ii The maintenance of the local fishing industry would be helped by a study of the ecology, health and exploitation of the stock. iii Difficult decisions will have to be made on how to deal with the impact of climate change on the West Solent, and there is likely to be some re-thinking of pollution control strategy for the area as a result of the Water Framework Directive. iv There is no marine planning system in the West Solent (and in other sea areas) comparable to those for adjoining land, eg the New Forest National Park and the Island's Areas of Outstanding Natural Beauty, its protective status will need special provision. Ideally, the multitude of users and their interests in the West Solent might well be best co-ordinated, represented, administered and strategically developed through a Marine National Park, covering an area from the Needles/Hurst Spit (in the west) to Lepe/Gurnard (in the east), bounded by mean low water mark and the harbour limits of Lymington and Yarmouth. In our view, the `pluses' of such a Marine National Park outweigh the `minuses' . It is important, therefore, that the proposed Marine Bill, to be published in the autumn of 2006, should provide for the establishment of Marine National Parks generally, somewhat on the lines of the landward National Parks that exist in England, Scotland and Wales. We think that it would be better for the Society to pursue this in conjunction with other organisations, rather than alone, particularly if the idea can be debated in the Solent Forum. Thus the aim, in principle, should be to have the West Solent designated a Marine National Park, planned and managed through an appropriate partnership of statutory and non-statutory bodies concerned with the area.

New Council Member

Jeremy Clark has joined the Council of the Solent Protection Society. Jeremy lives in a riverside house on the Hamble at Bursledon and has sailed in the Solent for 40 years and is Treasurer of the River Hamble Mooring Holders Association. Now retired from executive roles in Motor Engineering, Contract Hire and Coach Travel in the Thames Valley, Jeremy held a Royal Warrant of Appointment as an automobile engineer to Her Majesty the Queen for 25 years.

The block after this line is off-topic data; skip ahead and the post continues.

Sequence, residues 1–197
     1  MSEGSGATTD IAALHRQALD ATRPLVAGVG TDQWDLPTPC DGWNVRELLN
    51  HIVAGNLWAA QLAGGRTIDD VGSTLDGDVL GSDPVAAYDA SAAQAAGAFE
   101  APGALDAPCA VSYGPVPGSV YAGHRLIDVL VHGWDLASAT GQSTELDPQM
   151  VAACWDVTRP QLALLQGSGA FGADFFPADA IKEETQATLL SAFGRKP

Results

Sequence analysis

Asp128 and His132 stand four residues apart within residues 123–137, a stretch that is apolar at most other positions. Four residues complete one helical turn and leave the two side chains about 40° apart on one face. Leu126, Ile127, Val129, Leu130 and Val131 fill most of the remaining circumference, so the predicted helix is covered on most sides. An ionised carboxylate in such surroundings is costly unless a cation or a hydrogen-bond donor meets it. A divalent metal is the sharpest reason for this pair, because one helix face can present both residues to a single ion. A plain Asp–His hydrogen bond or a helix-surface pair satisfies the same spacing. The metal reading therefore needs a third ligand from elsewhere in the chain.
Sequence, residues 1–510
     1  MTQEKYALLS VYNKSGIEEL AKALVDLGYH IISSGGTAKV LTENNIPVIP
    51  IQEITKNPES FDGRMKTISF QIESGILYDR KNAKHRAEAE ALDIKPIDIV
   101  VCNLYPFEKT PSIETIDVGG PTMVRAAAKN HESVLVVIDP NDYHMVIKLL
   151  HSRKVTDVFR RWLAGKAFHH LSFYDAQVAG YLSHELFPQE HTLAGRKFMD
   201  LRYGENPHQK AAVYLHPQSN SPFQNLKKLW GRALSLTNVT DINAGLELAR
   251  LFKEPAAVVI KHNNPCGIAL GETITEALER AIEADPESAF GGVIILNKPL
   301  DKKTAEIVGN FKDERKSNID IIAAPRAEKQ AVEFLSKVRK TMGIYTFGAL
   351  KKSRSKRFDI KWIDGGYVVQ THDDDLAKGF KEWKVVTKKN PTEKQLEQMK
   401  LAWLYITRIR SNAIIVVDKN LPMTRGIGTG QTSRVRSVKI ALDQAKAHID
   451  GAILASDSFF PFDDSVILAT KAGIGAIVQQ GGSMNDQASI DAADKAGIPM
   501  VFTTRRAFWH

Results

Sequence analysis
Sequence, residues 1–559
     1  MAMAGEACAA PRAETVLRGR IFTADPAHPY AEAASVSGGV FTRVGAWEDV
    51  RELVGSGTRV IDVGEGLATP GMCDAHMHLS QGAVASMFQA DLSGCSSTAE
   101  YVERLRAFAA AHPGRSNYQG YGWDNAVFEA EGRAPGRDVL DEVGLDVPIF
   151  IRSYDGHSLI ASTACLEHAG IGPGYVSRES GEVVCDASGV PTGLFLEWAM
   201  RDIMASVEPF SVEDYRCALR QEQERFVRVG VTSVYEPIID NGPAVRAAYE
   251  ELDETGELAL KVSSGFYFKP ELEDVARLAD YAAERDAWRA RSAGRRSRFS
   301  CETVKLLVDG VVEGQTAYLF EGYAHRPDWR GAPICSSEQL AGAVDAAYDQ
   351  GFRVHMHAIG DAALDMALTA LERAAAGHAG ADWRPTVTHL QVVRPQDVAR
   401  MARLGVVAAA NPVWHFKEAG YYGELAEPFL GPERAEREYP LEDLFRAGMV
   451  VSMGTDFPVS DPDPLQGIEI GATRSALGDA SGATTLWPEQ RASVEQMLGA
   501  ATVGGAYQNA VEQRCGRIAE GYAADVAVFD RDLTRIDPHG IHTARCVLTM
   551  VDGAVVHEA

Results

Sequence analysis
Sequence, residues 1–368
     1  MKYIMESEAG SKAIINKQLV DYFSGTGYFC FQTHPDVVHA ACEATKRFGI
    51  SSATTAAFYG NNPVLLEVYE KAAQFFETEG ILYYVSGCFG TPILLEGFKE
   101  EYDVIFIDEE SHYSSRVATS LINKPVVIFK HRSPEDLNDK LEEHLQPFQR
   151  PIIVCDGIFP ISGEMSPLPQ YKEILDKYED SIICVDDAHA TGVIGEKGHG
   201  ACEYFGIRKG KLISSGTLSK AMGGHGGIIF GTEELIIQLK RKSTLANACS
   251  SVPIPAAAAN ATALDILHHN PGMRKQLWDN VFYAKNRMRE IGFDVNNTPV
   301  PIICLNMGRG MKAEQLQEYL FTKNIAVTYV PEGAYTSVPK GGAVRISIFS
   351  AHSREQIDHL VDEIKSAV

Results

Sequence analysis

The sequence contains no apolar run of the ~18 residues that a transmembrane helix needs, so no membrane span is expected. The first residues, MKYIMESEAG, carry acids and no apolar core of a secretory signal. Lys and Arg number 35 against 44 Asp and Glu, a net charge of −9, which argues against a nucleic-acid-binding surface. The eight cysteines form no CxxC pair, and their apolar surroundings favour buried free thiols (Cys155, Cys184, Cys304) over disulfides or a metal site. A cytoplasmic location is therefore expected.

And in preparation for this, there is a need to develop in more detail the aims, administration and funding of such a partnership. To do this effectively would require a research study, possibly through one of our local Universities, aided by a financial grant, for which we are seeking a sponsor. An appendix to the report gives brief particulars of 11 Marine National Parks overseas, proposals for at least one in Scotland, and the Chichester Harbour Conservancy. Copies of the report have been sent to Defra who are responsible for drafting the Bill in the first instance. In addition to it being on our website, we now intend to circulate it more widely for comment from interested parties, hoping especially for the support of our MPs. Professor Gerald Smart

To join the Solent Protection Society, please contact The Secretary

Mrs Judy Davies, 17 Acacia Road, Hordle, Lymington SO41 OYG · Tel: 01425 621524 email: [email protected] www.solentprotection.org